There were, however, a number of limitations to the study. For example, the authors noted that they could not rule out the possibility that IBCs diagnosed within a year were simply missed on screening mammography rather than true IBCs. Yet, “missed cancers likely do not explain the contrast between IBCs diagnosed within 1 year and those diagnosed between 1 and 2.5 years after negative mammogram results. In previous studies, missed cancers had a larger tumor size and lymph node involvement than true IBCs. An assessment of missed cancers as IBC is that the cancers diagnosed further in time since the last screening would be later-stage tumors. We did not find this trend and, in fact, observed inverted trends: IBCs diagnosed closer in time to the last mammogram were more likely later-stage tumors (larger and with more lymph node involvement) compared with IBCs diagnosed more distant in time since the last mammogram. These data argue against misdiagnosis being a major confounder of our findings; however, we cannot rule out misclassification due to misdiagnosis in our study.”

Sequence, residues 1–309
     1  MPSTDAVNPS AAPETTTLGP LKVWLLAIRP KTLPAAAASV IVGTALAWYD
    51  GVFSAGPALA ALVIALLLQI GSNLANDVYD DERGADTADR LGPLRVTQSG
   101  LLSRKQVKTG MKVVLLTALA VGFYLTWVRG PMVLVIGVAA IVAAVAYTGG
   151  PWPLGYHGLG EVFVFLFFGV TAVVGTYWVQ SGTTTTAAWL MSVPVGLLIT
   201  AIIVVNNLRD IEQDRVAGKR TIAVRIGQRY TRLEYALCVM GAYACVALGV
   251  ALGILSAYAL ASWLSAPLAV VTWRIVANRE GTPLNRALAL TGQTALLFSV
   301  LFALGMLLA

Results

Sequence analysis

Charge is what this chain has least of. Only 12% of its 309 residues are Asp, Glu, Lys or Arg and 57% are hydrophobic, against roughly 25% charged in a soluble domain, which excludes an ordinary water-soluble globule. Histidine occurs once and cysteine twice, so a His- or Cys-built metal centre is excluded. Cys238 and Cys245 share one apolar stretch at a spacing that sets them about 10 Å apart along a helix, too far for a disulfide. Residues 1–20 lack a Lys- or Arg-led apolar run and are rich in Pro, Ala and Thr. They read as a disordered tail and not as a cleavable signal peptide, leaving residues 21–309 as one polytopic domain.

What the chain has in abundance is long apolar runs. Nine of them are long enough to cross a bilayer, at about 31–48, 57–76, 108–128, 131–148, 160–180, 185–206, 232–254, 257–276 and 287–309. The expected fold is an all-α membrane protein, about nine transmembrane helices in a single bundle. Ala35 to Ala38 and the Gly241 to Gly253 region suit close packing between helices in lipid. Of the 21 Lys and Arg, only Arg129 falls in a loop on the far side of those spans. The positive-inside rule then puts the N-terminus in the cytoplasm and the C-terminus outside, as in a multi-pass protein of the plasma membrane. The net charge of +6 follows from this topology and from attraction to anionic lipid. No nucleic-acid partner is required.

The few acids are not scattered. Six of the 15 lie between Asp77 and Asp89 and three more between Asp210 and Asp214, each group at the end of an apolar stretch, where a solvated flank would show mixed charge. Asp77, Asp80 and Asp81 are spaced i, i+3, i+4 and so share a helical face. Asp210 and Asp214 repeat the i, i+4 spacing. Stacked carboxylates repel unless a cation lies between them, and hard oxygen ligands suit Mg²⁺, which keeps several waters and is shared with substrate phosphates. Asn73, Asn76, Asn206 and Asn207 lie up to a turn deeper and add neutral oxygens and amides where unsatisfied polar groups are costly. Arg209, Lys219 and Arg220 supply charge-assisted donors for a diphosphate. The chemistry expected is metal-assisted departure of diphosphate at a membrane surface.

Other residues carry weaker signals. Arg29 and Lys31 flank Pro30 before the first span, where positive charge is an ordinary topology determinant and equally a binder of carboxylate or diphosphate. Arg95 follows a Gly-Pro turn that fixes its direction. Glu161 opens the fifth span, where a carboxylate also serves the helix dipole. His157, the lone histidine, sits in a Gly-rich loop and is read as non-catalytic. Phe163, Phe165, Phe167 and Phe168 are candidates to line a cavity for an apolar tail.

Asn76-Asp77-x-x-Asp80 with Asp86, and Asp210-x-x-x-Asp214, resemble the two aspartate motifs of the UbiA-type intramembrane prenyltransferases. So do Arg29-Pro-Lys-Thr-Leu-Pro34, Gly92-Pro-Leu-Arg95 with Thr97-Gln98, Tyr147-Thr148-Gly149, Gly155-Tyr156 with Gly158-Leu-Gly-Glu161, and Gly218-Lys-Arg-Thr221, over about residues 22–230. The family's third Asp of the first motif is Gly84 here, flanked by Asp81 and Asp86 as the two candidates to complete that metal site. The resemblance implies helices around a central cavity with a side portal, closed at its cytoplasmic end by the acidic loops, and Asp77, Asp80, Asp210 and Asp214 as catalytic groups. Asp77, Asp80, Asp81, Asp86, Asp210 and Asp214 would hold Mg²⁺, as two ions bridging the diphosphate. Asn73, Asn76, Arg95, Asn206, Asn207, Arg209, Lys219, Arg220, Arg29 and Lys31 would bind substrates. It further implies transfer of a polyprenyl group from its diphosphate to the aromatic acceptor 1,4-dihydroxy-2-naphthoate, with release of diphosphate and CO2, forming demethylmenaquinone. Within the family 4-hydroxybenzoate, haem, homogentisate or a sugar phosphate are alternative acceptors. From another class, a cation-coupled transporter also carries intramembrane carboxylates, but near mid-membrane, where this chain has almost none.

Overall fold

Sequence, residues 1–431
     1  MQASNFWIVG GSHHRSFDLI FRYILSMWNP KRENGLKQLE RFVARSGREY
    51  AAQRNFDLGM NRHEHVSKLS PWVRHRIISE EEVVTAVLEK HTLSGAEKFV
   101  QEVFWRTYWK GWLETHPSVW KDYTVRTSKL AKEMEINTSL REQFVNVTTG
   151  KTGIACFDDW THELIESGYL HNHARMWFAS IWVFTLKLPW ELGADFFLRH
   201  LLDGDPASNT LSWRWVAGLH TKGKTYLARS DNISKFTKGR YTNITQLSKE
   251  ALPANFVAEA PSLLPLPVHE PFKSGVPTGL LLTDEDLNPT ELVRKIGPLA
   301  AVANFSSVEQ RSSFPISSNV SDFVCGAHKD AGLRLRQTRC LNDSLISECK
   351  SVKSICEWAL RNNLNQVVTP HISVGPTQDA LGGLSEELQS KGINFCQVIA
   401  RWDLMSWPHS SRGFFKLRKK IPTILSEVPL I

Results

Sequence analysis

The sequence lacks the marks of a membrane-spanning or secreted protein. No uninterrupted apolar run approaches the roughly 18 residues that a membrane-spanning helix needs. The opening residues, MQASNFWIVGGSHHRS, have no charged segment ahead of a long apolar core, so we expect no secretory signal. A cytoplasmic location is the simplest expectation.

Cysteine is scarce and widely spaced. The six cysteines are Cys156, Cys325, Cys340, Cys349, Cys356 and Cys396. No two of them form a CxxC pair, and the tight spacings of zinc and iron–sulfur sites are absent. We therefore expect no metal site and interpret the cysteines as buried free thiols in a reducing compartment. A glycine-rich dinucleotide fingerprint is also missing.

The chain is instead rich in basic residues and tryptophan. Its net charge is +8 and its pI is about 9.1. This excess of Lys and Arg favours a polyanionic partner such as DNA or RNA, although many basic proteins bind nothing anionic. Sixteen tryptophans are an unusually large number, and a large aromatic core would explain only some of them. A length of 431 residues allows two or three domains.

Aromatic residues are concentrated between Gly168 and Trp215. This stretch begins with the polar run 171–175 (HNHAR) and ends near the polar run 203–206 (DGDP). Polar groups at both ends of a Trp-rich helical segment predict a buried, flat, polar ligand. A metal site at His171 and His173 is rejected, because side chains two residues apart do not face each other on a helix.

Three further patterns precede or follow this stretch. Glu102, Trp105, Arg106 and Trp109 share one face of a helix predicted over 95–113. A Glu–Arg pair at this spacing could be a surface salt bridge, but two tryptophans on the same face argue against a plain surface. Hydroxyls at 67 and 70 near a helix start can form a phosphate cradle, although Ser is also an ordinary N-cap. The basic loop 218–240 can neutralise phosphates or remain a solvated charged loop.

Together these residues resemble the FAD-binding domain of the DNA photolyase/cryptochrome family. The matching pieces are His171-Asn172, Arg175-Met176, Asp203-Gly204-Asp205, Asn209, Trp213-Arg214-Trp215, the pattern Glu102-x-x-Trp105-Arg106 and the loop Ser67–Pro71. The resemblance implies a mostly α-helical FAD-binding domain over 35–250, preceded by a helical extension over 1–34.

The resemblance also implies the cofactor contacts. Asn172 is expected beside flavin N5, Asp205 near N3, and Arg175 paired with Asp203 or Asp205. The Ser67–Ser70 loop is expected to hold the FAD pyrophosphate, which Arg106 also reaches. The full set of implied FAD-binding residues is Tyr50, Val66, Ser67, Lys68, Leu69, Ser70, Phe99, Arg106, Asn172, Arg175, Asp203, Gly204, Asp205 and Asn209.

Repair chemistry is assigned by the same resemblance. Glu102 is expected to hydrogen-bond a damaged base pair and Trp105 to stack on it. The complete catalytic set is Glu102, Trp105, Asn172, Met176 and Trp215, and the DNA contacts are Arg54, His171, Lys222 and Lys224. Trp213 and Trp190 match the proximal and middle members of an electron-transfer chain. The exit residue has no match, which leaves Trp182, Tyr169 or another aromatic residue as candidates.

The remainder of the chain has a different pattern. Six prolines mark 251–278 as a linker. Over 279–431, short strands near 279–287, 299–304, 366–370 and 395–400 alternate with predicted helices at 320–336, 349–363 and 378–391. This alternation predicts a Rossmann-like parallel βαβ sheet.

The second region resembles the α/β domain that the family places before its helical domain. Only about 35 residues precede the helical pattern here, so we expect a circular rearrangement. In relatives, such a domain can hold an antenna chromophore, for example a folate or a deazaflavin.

Additionally, the analysis lacks data on breast density, a significant consideration since high breast density is “one of the most important factors associated with IBCs,” they wrote.
Irwin and colleagues concluded that there are several clinical implications of their findings: “Women who present with breast cancer symptoms at the time of negative screening mammogram results should either be recalled more frequently, have a shorter screening period, or undergo another imaging modality, such as ultrasonography or magnetic resonance imaging… Also, the combination of germline genomic testing with mammography may help distinguish indolent breast cancers from aggressive breast cancers detected by screening.”
Be aware that analysis of data from the Women’s Health Initiative suggests that cancers diagnosed within a year of mammography screening have a higher mortality risk than cancers detected by screening.
Cancers diagnosed 12 to 30 months after a negative screening mammogram were not associated with higher mortality, which suggests that cancers occurring within 1 year from a mammogram with negative results may have a unique biology that accounts for aggressive features.
Peggy Peck, Editor-in-Chief, BreakingMED™
Irvin reported receiving nonfinancial support from Oregon Health & Science University’s Knight Cancer Institute during the conduct of the study and grants from Oregon Health & Science University’s Knight Community Partnership outside the submitted work.